The task of educating students with disabilities and maintaining safe and effective schools is increasingly being carried out by teams of special education and general education practitioners. Professional, collaborative, and respectful relationships among special education teachers and general education teachers is a necessary ingredient for effective teaching and learning. By taking this course, learners will gain an understanding of the importance of positive relationship building with colleagues and its impact on improving our practice and making our schools a more effective environment for students. This course is particularly designed for Special Educators working in the K-12 setting.
Section 1: Introduction
A. About This Course
B. Learning Objectives
Section 2: Working Collaboratively to Meet the Needs of Students
A. Maria Has Two Teachers
B. Effective Collaboration
C. Special and General Education Working Collaboratively
D. Building Collaborative Relationships
E. Building Trust
F. Making Time for Collaboration
G. Ongoing Reflection and Discussion
H. Co-Teacher Dyads
I. Ask Questions and Offer Feedback
Section 3: Effective Co-Teaching
A. What is Co-Teaching?
B. What Makes Co-Teaching Effective?
C. Co-Teaching Models
D. Co-Developing Instructional Materials
E. Rubrics for Monitoring Student Progress
F. Lesson Study
Section 4: Outcomes of Effective Collaboration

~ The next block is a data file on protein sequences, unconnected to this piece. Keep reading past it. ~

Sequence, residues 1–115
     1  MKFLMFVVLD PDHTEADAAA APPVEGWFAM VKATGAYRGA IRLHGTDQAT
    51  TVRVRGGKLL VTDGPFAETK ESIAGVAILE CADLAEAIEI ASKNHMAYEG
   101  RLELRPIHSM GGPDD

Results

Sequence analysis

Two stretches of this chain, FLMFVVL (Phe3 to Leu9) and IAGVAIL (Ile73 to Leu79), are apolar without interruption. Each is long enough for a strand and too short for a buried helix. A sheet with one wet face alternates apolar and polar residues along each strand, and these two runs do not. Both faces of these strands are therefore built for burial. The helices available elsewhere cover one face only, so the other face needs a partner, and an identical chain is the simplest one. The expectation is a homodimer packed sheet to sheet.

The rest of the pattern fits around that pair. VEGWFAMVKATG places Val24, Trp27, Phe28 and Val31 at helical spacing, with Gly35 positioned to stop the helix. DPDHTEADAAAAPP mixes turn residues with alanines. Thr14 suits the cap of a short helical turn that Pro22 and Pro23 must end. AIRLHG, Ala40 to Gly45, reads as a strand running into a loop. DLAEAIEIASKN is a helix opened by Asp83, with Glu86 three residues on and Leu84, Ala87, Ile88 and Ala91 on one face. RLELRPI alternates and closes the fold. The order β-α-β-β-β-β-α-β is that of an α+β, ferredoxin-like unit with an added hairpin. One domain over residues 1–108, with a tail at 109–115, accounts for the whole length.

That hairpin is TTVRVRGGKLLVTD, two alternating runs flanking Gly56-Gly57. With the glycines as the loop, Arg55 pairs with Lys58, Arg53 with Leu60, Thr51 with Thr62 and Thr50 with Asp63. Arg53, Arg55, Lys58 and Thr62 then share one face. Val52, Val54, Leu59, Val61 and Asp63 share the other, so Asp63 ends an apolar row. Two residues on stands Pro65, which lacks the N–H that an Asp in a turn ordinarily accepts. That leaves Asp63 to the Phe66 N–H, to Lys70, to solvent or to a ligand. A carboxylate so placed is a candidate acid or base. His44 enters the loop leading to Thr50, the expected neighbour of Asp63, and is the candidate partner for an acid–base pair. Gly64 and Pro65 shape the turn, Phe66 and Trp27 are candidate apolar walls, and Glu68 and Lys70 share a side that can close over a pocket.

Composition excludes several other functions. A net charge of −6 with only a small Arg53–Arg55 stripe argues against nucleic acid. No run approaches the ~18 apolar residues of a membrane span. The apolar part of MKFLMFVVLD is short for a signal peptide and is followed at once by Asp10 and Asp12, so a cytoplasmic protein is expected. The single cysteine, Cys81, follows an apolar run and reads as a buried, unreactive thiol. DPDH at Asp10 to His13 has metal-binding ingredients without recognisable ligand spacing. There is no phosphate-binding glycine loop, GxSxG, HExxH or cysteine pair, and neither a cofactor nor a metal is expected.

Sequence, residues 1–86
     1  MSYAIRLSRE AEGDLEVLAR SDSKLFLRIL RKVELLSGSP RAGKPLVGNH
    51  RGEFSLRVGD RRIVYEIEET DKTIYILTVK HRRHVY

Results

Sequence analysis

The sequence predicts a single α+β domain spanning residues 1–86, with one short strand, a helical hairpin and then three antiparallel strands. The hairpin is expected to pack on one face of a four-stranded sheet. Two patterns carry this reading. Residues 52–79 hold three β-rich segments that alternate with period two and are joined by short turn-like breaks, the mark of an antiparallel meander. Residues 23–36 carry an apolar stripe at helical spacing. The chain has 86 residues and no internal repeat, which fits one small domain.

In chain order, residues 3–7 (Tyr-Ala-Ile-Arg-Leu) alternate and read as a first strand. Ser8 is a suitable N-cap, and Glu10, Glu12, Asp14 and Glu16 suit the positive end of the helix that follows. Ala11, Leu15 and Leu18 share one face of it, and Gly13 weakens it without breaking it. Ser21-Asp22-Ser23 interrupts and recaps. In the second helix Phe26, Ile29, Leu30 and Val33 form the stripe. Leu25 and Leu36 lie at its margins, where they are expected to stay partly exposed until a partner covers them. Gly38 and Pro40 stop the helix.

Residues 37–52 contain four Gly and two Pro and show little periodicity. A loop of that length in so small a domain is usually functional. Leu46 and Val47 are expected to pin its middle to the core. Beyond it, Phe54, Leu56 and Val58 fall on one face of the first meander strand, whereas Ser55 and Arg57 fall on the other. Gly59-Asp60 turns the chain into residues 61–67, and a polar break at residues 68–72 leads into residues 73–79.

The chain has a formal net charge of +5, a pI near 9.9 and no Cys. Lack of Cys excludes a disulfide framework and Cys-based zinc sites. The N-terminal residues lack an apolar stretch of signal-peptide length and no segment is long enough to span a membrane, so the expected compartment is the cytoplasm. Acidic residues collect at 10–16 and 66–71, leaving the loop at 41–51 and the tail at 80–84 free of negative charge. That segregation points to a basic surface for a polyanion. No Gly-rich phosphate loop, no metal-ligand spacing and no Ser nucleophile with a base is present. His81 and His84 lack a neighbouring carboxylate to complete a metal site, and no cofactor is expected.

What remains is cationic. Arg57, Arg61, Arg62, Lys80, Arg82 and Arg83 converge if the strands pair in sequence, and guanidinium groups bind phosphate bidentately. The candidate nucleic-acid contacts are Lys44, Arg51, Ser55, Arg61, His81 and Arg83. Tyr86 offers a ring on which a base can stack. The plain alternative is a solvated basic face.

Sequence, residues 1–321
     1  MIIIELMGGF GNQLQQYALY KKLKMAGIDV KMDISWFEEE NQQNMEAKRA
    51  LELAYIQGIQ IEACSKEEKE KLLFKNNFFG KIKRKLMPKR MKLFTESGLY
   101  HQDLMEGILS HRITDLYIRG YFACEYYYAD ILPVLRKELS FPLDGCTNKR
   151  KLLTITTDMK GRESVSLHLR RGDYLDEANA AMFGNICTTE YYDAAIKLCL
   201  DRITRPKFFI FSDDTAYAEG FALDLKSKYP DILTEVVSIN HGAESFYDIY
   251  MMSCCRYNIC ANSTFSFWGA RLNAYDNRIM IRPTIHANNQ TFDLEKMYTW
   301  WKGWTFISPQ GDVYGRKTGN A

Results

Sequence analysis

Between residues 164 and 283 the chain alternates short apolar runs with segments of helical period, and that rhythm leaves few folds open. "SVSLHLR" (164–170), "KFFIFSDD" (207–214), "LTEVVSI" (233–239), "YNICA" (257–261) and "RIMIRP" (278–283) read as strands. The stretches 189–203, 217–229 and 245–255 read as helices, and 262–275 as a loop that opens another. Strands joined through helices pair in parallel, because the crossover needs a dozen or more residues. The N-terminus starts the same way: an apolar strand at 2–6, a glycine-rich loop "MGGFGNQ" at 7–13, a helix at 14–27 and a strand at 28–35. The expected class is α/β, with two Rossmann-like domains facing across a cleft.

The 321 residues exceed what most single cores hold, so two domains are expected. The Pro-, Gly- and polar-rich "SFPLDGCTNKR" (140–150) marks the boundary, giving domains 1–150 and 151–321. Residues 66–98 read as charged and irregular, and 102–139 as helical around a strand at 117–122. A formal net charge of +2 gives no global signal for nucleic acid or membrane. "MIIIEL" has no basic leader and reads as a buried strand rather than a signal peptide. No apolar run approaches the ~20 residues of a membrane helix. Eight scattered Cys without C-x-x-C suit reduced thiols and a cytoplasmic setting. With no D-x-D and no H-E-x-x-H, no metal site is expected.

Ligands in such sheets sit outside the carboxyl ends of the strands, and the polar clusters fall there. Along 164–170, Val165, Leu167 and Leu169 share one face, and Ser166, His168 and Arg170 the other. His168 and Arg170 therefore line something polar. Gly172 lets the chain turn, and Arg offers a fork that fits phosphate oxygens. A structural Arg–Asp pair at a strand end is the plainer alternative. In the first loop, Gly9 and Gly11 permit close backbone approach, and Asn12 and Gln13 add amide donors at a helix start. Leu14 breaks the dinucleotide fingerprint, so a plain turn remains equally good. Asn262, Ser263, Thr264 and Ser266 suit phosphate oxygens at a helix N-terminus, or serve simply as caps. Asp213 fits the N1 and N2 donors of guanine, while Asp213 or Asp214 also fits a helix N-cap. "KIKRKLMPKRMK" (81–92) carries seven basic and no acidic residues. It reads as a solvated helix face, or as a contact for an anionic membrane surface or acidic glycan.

A. Positive Impact on Student Achievement
B. Effects of Co-Teaching on Students with Disabilities
C. Effects of Co-Teaching on Students without Disabilities
Section 5: Conclusion
B. Course Contributors
Stephanie Twitty Carmon has over twenty-five years of experience as a Special Education Teacher, School Administrator, and District-Level Support Leader for Teacher Effectiveness. She is currently a Public Health Analyst at the Centers for Disease Control (CDC) with the research team of RTI International on the Study to Explore Early Development (SEED). It is the largest study in the United States to help identify factors that may put children at risk for Autism Spectrum Disorders and other developmental disabilities. Disclosure: Stephanie Twitty Carmon has declared that no conflict of interest, Relevant Financial Relationship or Relevant Non-Financial Relationship exists.Staff Writer: Nellie Galindo, MSW, MSPH
Nellie Galindo received her Masters of Social Work and Masters of Science in Public Health from the University of North Carolina at Chapel Hill. She has worked with individuals with disabilities in several different settings, including working as a direct service provider for individuals with mental illness and leading a youth program for young adults with disabilities. She has facilitated and created trainings for individuals with intellectual and developmental disabilities in the areas of self-advocacy, healthy relationships, sexual health education, and violence and abuse prevention. Mrs. Galindo has worked in state government assisting individuals with disabilities obtain accessible health information in their communities, as well as utilizing the Americans with Disabilities Act to ensure equal access to healthcare services. Disclosure: Nellie Galindo, MSW, MSPH has declared that no conflict of interest, Relevant Financial Relationship or Relevant Non-Financial Relationship exists.
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